One Russia is in prison, the other is the judge

There’s not many of these people, but they’re very public. They hold pickets, write postcards to people in detention, collect funds and food for people in prison, organise flash mobs online, and attend the courts. People used to view them as mad people who didn’t pose much of a threat, but now, after all the brutality of the past year, it’s a front. “But what’s the point?” I ask Vlad Barabanov, an activist who also mixed up in the Moscow case. He’s also come to Penza for the verdict. “They didn’t care about you at all,” I continue.

“But what’s the point of sitting and waiting?” Vlad is an anarchist, and is from the same anti-authoritarian scene a Pchelintsev, Shakursky and the rest of the defendants. But he’s not a member of a political party. He support everyone: Konstantin Kotov, New Greatness, The Network.

Everything has changed. Ilya Shakursky holds a single picket in support of Konstantin Kotov in the courtroom itself. Alexey Minyailo, Pavel Ustinov and Samariddin Radzhabov – who were all convicted in the Moscow Case – record a video in support of the Network Case. Lev Ponomarev, an old liberal human rights defender, attends rallies with red banners and opposition left activists. This isn’t your weekend opposition types, this is a front. They are resisting over months, years.

It’s another question of how effective the resistance is. Alexandra Krylenko is a rights defender who’s been involved in the Network case since 2018. She writes:

“Just don’t write that this is all pointless. We don’t measure how useful it is in terms of prison sentences. It would be strange if we went out on pickets, gave out information and everyone was released. If it was like that, we wouldn’t have to fight. That kind of victory isn’t worth anything.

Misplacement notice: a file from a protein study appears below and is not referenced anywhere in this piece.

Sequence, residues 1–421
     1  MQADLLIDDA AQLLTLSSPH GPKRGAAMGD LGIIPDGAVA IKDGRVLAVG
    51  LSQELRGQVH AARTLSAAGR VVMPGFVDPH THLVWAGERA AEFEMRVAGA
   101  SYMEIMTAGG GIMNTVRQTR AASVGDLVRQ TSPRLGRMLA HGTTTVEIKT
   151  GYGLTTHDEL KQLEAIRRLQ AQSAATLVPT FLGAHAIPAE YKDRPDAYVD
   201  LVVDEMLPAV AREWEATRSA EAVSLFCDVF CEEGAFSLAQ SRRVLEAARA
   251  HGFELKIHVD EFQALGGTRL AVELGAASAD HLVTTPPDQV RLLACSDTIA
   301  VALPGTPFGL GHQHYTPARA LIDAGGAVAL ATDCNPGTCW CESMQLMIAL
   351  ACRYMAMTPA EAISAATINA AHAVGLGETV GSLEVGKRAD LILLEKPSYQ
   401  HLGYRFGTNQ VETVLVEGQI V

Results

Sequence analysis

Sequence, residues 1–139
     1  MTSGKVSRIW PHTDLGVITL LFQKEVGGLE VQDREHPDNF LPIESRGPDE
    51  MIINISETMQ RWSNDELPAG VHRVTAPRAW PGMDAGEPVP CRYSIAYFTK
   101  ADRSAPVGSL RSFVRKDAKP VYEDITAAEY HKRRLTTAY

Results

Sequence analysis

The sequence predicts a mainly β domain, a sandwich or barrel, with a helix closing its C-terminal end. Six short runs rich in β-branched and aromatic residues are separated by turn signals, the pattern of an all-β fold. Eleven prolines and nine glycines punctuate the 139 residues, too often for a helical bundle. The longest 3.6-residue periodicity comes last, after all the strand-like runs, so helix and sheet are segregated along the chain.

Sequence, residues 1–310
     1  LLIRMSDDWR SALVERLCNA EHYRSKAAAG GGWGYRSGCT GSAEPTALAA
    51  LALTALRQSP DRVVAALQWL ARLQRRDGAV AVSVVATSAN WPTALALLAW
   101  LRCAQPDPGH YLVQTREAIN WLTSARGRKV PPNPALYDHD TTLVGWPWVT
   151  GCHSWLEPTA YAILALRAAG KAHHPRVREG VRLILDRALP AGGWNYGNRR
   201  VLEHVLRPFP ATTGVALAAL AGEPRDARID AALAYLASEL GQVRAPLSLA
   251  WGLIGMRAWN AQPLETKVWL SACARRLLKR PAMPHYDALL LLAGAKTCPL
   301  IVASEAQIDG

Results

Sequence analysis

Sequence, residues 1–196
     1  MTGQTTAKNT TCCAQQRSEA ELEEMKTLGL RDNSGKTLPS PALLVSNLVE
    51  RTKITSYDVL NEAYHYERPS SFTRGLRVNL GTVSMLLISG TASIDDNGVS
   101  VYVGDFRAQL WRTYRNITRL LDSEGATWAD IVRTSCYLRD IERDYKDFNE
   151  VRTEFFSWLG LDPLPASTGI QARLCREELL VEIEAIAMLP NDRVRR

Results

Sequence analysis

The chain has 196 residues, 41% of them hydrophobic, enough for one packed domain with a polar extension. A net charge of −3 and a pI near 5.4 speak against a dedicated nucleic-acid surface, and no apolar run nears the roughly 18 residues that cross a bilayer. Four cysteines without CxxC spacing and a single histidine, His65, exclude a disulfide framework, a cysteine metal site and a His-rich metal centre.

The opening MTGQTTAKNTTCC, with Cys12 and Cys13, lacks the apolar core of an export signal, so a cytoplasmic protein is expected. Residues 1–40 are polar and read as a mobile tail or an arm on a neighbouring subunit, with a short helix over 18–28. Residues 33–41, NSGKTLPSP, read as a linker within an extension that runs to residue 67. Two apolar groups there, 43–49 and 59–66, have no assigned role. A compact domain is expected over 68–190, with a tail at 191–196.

We’re fighting for these guys not because we want these fluffy kittens back. They were taken hostage by cruel and heartless people. It’s the person who stands up against the blows who wins.

These past few years we’ve learned not to leave people on their own. So that every individual (and what’s more important – every wife, mother, father, brother and sister) did not have to face a prison sentence alone. So that there was someone beside you, someone who would hug you, hold your hand or just look you in the eye. It’s hard to believe it, but that didn’t exist just a short while ago. This is a real victory. A victory for care and support.”

No one should be alone

Aside from a 16-year prison sentence, Ilya Shakursky also received a fine of 50,000 roubles. Which is a particularly cynical move. None of the seven defendants are from rich families. Penza is, in general, a poor town, but the prices are like Moscow. Back in 2018, when the case first started, many of the families took loans to pay for their lawyers.

But now pay attention. Elena Bogatova, Shakursky’s mother, has a monthly wage of around 15,000 roubles (£180), Vasily Kuksov’s mother – 10,000 (£120). They talk about it in the Malyshevs’ documentary on the case. The forensic analyses in the case cost around a million roubles (£12,100.

You don’t have to believe in pickets, in public protest, street actions, but what really works is supporting the parents. And it worked in this case. A few days before the sentence was issued, journalists from a media run by Kremlin businessman Evgeny Prigozhin attacked a Petersburg politician, Maxim Reznik, because he participated in a charity auction to taise money for the Penza defendants. And they attacked with purpose: they sent an official parliamentary information request and a letter to the Prosecutor’s Office. Apparently this is called “supporting terrorists”. If I give Shakursky’s mother 5,000 roubles (£60) towards a care package for her son, does that mean I’m supporting terrorism or not? Maybe I’m a terrorist myself?

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